These early bungalows, were not without a sense of style, however. There are actually many variations on the bungalow, each with distinctive artistic touches. From Arts & Crafts to Art Moderne, just about every style you can imagine has found expression in the simple and practical American Bungalow. Still popular, vintage bungalows are a favorite renovation project for many, and fresh takes on the old styles are being built brand new every day. Here’s a look at a few of the popular American Bungalow styles you will find all over the country.

Craftsmen Bungalow

Derived from the English Arts and Crafts style, which lavished attention on handcrafted details using wood, stone, and other materials drawn from nature, the Craftsmen bungalows were simple wooden houses with Arts & Crafts flourishes.
Some of the identifying features of Craftsmen bungalows are:
  • Low-pitched gabled roof with wide, unenclosed eave overhang
  • Roof rafters usually exposed
  • Decorative beams or braces under gables
  • Stone porch supports usually squared and sometimes slanting inward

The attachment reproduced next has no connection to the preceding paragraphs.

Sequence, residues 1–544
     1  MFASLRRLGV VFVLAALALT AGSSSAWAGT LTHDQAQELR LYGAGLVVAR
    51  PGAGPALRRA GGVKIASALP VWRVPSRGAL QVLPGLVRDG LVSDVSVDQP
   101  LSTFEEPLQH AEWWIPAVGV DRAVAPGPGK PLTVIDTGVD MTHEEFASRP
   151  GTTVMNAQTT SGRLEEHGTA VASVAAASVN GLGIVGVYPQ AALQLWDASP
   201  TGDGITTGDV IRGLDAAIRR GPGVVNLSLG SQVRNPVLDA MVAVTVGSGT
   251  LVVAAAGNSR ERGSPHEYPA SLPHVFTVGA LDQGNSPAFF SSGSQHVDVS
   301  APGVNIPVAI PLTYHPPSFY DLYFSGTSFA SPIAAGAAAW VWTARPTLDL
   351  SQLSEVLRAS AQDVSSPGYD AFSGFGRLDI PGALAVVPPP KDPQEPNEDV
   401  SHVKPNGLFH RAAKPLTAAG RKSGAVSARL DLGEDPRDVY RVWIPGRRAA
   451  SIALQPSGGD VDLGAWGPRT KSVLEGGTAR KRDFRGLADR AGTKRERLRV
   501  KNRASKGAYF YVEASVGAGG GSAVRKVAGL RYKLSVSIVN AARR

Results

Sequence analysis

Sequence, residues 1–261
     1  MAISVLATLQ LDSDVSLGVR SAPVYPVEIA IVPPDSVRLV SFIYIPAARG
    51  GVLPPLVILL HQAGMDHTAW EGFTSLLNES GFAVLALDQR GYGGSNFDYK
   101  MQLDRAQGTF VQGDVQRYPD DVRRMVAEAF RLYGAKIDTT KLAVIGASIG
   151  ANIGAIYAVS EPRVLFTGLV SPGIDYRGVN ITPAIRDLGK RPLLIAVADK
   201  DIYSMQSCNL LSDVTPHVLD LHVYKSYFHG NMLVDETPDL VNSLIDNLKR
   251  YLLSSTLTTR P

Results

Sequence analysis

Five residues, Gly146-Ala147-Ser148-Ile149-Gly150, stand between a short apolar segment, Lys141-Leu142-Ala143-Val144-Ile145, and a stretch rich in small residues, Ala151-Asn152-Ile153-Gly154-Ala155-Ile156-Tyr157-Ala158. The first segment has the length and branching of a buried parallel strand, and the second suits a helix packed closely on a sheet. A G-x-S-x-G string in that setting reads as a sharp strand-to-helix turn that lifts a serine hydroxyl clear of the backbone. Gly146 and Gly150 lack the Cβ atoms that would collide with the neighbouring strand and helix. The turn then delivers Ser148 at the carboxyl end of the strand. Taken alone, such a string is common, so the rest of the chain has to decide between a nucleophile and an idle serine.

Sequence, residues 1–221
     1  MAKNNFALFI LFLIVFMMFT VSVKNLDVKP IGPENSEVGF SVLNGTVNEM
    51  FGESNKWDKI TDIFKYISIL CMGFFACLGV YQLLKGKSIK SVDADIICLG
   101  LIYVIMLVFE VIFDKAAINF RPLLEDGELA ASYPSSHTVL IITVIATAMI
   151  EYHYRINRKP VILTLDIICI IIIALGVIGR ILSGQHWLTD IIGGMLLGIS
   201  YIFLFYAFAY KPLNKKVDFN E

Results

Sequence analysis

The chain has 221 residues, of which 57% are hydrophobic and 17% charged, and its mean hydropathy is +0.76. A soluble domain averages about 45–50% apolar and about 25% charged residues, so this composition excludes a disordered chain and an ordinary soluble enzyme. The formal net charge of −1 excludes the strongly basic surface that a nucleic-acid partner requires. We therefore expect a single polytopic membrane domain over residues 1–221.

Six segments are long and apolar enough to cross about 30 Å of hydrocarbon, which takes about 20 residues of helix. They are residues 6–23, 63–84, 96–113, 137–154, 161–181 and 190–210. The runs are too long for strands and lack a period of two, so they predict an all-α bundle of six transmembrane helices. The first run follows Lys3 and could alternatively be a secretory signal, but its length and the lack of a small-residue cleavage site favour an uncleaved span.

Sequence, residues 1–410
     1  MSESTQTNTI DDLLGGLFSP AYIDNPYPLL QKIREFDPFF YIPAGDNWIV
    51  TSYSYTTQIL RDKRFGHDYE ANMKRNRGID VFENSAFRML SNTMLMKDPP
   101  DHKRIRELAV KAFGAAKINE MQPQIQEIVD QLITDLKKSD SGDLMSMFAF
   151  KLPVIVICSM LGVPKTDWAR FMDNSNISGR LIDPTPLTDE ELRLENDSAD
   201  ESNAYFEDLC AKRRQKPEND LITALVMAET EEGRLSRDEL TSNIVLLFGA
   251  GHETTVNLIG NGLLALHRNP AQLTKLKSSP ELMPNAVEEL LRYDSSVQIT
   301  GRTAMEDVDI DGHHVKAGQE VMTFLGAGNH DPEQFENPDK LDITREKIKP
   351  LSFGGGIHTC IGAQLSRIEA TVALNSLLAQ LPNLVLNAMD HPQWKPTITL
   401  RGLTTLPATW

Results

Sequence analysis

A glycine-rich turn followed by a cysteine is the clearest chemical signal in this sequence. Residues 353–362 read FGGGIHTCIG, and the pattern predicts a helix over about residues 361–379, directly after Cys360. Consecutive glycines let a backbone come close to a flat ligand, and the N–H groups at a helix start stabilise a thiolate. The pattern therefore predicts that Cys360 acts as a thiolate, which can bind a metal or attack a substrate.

Chicago Bungalow

Chicago Bungalows are characterized by solid brick construction and a large, front-facing roof dormer. Bungalows built in and near Chicago have many of the lovely Craftsman details that you find in other parts of the country.
Here are some of the identifying elements:
  • Brick construction
  • Full basement
  • Narrow frontage
  • Hipped roof
  • Large gabled dormer facing the street
  • Spacious porch, often enclosed

Spanish Revival Bungalow

This exotic version of a bungalow was inspired by Spanish Colonial architecture in the American southwest. Usually sided with stucco, and with low-pitched to flat roofs, these homes have decorative glazed tiles, arched doors or windows, and many other Spanish Revival details. Some of the identifying features are:
  • Low-pitched or flat roof
  • Red tiles on roof
  • Decorative glazed tile
  • Stucco-siding, usually white, cream, or tan
  • Carved wooden doors
  • Arched windows or doorways
  • Decorative wrought iron railings and window grills

 Dutch Colonial Bungalow